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Biden visits Uvalde as DOJ announces review of how police responded to the attack

President Joe Biden and First Lady Jill Biden visit a memorial at Robb Elementary School to pay their respects to the victims of the mass shooting, Sunday, May 29, 2022, in Uvalde, Texas.
Evan Vucci
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AP
President Joe Biden and First Lady Jill Biden visit a memorial at Robb Elementary School to pay their respects to the victims of the mass shooting, Sunday, May 29, 2022, in Uvalde, Texas.

Updated May 29, 2022 at 3:05 PM ET

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The Justice Department will conduct a review of the police response to the shooting in Uvalde, Texas, the department announced Sunday.

"The goal of the review is to provide an independent account of law enforcement actions and responses that day, and to identify lessons learned and best practices to help first responders prepare for and respond to active shooter events," DOJ spokesman Anthony Coley said in a statement.

Law enforcement officials in Texas have come under blistering criticism for their response to the massacre that left 19 fourth-grade students and two teachers dead.

A girl visits a makeshift memorial for the shooting victims outside the Uvalde County Courthouse in Texas on May 28, 2022.
Chandan Khanna / AFP via Getty Images
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AFP via Getty Images
A girl visits a makeshift memorial for the shooting victims outside the Uvalde County Courthouse in Texas on May 28, 2022.

The gunman spent more than an hour inside the school before he was ultimately killed by a tactical unit of Border Patrol agents, despite officers being on the scene for much of the attack.

Col. Steven McCraw of the Texas Department of Public Safety said at a Friday news conference that there were as many as 19 local and federal officers in the hallway during much of the shooting, but the commander on scene decided not to immediately go into the classroom because he believed the shooter had barricaded himself inside and no other people were at risk.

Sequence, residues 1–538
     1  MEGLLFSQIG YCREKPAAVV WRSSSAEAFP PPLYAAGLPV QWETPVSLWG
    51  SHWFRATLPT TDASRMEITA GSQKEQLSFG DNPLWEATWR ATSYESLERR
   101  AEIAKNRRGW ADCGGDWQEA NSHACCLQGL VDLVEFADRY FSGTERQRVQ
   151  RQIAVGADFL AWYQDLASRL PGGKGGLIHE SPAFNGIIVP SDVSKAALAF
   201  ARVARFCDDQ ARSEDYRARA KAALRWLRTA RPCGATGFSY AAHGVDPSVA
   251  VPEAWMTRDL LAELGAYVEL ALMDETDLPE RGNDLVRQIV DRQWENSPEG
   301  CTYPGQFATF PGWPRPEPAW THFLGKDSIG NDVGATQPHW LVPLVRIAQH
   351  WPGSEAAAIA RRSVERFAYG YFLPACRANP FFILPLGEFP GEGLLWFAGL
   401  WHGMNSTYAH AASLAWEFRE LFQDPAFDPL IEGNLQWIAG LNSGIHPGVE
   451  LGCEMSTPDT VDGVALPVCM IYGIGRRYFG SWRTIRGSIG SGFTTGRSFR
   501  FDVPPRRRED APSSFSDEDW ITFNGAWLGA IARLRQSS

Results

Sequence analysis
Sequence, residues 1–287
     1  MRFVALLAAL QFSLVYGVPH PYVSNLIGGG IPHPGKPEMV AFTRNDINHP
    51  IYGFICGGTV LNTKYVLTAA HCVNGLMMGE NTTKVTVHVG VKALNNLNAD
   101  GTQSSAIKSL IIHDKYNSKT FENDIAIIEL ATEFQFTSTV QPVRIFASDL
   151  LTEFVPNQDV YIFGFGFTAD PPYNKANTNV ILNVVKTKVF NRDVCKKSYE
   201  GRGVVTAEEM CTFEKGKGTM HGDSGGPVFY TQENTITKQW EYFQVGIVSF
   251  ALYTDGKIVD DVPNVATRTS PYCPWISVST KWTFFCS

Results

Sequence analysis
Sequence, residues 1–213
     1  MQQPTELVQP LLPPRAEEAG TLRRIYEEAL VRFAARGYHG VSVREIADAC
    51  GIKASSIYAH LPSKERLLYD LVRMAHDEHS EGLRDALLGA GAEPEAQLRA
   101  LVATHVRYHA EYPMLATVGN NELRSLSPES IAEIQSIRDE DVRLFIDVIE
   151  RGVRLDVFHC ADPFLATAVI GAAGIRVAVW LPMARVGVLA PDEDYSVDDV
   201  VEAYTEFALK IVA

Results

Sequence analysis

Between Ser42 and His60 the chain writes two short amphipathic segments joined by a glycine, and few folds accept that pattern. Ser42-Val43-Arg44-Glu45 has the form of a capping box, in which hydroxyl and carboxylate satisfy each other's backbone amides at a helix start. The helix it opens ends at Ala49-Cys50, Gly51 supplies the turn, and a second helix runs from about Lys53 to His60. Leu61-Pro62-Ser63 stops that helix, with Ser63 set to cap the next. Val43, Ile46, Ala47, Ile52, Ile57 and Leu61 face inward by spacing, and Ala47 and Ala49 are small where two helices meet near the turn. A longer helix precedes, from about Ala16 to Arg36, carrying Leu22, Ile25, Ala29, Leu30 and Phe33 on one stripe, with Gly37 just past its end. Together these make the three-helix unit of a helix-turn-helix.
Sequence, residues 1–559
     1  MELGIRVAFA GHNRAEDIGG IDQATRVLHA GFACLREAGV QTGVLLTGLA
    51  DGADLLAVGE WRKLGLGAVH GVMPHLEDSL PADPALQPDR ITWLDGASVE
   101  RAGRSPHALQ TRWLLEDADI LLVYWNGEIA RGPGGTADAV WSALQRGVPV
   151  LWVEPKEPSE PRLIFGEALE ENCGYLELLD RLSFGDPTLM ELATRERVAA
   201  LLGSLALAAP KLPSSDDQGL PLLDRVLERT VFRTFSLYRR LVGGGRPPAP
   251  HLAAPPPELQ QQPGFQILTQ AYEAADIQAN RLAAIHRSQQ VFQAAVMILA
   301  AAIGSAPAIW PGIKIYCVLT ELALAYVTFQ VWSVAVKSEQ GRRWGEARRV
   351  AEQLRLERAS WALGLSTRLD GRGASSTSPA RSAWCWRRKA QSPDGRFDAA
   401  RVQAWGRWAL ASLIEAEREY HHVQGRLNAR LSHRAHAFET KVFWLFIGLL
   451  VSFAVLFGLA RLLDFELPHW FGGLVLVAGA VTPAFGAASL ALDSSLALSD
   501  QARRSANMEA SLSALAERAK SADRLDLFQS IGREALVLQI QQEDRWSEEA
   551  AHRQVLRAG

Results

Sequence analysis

At least two students hiding in the classroom called 911 for help during the course of the shooting.

"It was the wrong decision. Period. There was no excuse for that," said McCraw.

Texas Gov. Greg Abbott said during the press conference that he had been "misled" about the police response and expects a full investigation.

The DOJ inquiry comes at the request of Uvalde's mayor, Don McLaughlin, the department said.

The Office of Community Oriented Policing will conduct the review and publish a report with its findings after the review concludes, the department said.

President Biden is visiting Uvalde

The Justice Department's announcement came as President Biden and First Lady Jill Biden arrived in Uvalde to pay their respects to the victims of the attack. The Bidens were scheduled to meet with victims' families and community leaders.

Shortly after landing in Texas, the president rode to Robb Elementary, where he and the first lady visited a makeshift memorial to the victims. The Bidens also attended a mass at Sacred Heart Catholic Church.